Video shows protestors destroying memorial for residential school victims

A video captured by CTV News shows two protestors destroying a memorial on the Saskatchewan Legislative Building steps. The memorial honoured children who died in residential schools.

The footage shows two protestors, who were later seen holding signs against vaccines and COVID-19 public health measures, shovelling the memorial into a garbage bag.

A Wascana Centre Community Safety Officer is later seen taking the bag away.

Residential school survivor Brenda Dubois said she was heartbroken to see the video.

“The first reaction is hurt. I could say anger, but anger is too easy nowadays,” Dubois said.

She was part of the group that put hundreds of backpacks on the steps of the Legislature this past summer, to mark the discovery of unmarked graves found at former residential schools sites.

“This whole thing was covered [with backpacks]. And all we left was a little tiny space. And (the protestors) wouldn’t even give us that honour of just that little tiny space. By removing it, they’re still saying, ‘Forget this. Move on,’” she said.

Others were quick to condemn the actions of the two protestors.

“It was disgusting, it was arrogant and it was hateful,” said Aleana Young, an NDP MLA.

“I hesitate to comment on their state of mind or why they would do that,” said Ryan Meili, leader of the NDP. “But, simply put, it wasn’t their place and it was the wrong thing to do.”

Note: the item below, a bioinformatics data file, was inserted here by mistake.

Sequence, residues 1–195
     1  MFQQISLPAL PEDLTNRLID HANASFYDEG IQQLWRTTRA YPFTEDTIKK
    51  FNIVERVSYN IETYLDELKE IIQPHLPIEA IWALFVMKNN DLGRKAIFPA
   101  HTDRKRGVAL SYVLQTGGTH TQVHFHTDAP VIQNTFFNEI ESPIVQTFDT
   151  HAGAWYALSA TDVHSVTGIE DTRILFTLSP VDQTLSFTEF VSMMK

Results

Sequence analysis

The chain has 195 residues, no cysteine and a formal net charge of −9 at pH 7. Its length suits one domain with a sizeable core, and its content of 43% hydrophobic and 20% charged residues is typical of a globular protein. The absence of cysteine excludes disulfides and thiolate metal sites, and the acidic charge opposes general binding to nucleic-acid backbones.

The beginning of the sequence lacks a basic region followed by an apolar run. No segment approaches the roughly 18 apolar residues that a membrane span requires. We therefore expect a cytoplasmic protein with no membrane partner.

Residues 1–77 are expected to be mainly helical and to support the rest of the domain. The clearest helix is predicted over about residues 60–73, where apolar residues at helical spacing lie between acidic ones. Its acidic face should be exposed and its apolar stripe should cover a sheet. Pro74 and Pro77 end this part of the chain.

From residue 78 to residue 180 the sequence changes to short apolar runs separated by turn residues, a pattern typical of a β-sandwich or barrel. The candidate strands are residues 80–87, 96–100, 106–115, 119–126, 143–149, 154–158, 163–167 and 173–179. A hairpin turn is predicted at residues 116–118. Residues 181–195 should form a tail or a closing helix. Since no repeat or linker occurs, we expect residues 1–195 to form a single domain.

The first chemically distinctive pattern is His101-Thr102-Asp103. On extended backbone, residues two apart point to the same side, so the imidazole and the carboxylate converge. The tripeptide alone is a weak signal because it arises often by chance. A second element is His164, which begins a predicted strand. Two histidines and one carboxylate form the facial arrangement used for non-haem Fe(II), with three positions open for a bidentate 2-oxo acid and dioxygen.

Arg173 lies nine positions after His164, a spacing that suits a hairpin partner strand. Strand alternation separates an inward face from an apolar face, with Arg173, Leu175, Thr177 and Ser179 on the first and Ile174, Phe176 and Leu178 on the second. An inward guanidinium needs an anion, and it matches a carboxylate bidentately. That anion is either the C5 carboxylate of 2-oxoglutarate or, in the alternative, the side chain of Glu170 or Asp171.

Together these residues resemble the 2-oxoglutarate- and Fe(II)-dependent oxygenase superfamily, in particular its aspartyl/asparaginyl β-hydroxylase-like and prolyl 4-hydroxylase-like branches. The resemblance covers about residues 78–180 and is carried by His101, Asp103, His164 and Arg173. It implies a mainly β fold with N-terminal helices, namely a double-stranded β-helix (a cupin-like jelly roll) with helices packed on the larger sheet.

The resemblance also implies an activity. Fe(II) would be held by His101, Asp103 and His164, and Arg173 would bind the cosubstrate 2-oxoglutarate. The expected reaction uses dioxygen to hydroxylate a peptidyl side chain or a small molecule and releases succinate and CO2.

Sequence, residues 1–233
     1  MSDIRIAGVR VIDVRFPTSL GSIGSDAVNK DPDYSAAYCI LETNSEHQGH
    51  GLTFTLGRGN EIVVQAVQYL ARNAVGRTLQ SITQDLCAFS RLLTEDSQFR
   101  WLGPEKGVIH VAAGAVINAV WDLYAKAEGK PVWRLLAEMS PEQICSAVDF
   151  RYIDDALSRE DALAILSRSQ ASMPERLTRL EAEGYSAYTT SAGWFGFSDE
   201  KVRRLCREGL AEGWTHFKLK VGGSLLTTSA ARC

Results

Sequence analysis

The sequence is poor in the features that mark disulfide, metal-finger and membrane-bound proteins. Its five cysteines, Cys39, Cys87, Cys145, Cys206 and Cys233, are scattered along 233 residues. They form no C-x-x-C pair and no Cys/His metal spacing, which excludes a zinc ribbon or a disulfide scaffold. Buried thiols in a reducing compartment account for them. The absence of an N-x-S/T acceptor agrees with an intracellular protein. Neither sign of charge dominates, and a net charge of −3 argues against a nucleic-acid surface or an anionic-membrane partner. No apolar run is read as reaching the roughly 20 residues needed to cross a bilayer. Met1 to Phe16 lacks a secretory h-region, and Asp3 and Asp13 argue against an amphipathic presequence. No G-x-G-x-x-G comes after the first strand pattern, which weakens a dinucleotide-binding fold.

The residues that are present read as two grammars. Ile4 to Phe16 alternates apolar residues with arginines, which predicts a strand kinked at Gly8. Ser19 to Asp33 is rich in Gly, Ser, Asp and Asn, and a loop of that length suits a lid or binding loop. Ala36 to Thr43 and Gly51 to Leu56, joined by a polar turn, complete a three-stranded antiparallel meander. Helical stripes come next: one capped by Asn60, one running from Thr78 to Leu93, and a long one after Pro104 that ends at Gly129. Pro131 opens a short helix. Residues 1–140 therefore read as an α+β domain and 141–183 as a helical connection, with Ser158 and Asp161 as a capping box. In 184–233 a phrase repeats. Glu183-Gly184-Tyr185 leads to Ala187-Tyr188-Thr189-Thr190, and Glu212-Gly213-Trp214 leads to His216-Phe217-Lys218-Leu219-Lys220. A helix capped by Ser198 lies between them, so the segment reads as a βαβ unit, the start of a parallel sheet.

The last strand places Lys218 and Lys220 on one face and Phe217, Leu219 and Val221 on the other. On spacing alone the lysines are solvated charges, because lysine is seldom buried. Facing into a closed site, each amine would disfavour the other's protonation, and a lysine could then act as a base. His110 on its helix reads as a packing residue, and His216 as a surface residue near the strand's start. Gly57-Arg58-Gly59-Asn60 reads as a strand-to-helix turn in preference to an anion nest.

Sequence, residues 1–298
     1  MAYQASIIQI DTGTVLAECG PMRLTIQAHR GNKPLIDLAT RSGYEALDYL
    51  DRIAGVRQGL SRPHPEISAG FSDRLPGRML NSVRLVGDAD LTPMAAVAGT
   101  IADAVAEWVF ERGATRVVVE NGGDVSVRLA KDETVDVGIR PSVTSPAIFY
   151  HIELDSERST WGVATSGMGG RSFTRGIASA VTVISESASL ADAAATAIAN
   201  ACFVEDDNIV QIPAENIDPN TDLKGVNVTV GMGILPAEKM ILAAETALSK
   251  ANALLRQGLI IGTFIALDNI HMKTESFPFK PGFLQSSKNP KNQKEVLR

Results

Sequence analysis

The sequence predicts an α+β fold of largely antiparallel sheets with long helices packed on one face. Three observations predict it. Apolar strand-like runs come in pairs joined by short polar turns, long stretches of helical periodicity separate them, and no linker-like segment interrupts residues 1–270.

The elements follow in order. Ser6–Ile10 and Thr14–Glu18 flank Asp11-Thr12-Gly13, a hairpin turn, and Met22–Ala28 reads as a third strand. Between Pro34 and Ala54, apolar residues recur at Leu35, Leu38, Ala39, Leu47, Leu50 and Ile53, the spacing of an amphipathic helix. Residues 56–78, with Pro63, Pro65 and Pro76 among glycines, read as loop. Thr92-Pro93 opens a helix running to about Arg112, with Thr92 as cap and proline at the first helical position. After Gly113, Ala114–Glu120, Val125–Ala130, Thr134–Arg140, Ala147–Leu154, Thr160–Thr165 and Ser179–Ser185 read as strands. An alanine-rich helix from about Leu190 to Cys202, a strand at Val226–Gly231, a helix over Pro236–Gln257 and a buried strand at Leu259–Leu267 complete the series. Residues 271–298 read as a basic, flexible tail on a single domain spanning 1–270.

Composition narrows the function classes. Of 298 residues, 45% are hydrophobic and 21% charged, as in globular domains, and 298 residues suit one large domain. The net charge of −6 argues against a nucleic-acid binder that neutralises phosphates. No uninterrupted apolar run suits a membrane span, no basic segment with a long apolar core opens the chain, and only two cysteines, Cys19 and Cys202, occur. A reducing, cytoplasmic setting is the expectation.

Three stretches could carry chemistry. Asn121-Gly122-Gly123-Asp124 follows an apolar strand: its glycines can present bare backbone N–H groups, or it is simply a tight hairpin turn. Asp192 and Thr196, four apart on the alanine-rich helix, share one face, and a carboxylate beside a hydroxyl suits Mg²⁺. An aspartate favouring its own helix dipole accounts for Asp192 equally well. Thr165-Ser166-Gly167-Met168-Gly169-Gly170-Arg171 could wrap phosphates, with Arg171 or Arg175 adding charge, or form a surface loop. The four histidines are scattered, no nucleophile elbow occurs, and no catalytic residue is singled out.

In an emailed statement, the provincial government also denounced the removal of the memorial.

“Premier Moe strongly condemns these actions, and has noted that these are the same protestors responsible for several idiotic actions over the past several months,” the government said in a statement

The statement goes on to say a Wascana Centre Community Safety Officer retrieved the items put in a garbage bag and they will be returned to the steps of the legislative building to continue the memorial.

Dubois said she still questions why the protestors weren’t stopped from taking the items in the first place.

“But, we decide now to focus on healing,” Dubois said. “So I pray that yes, people do bring some shoes back, to replace the visual memory, that hurt still exists today. It is not historical.”

CTV News connected with the man in the video but he declined an interview.

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If you are a residential school survivor in distress, or have been affected by the residential school system and need help, you can contact the 24-hour Indian Residential Schools Crisis Line: 1-866-925-4419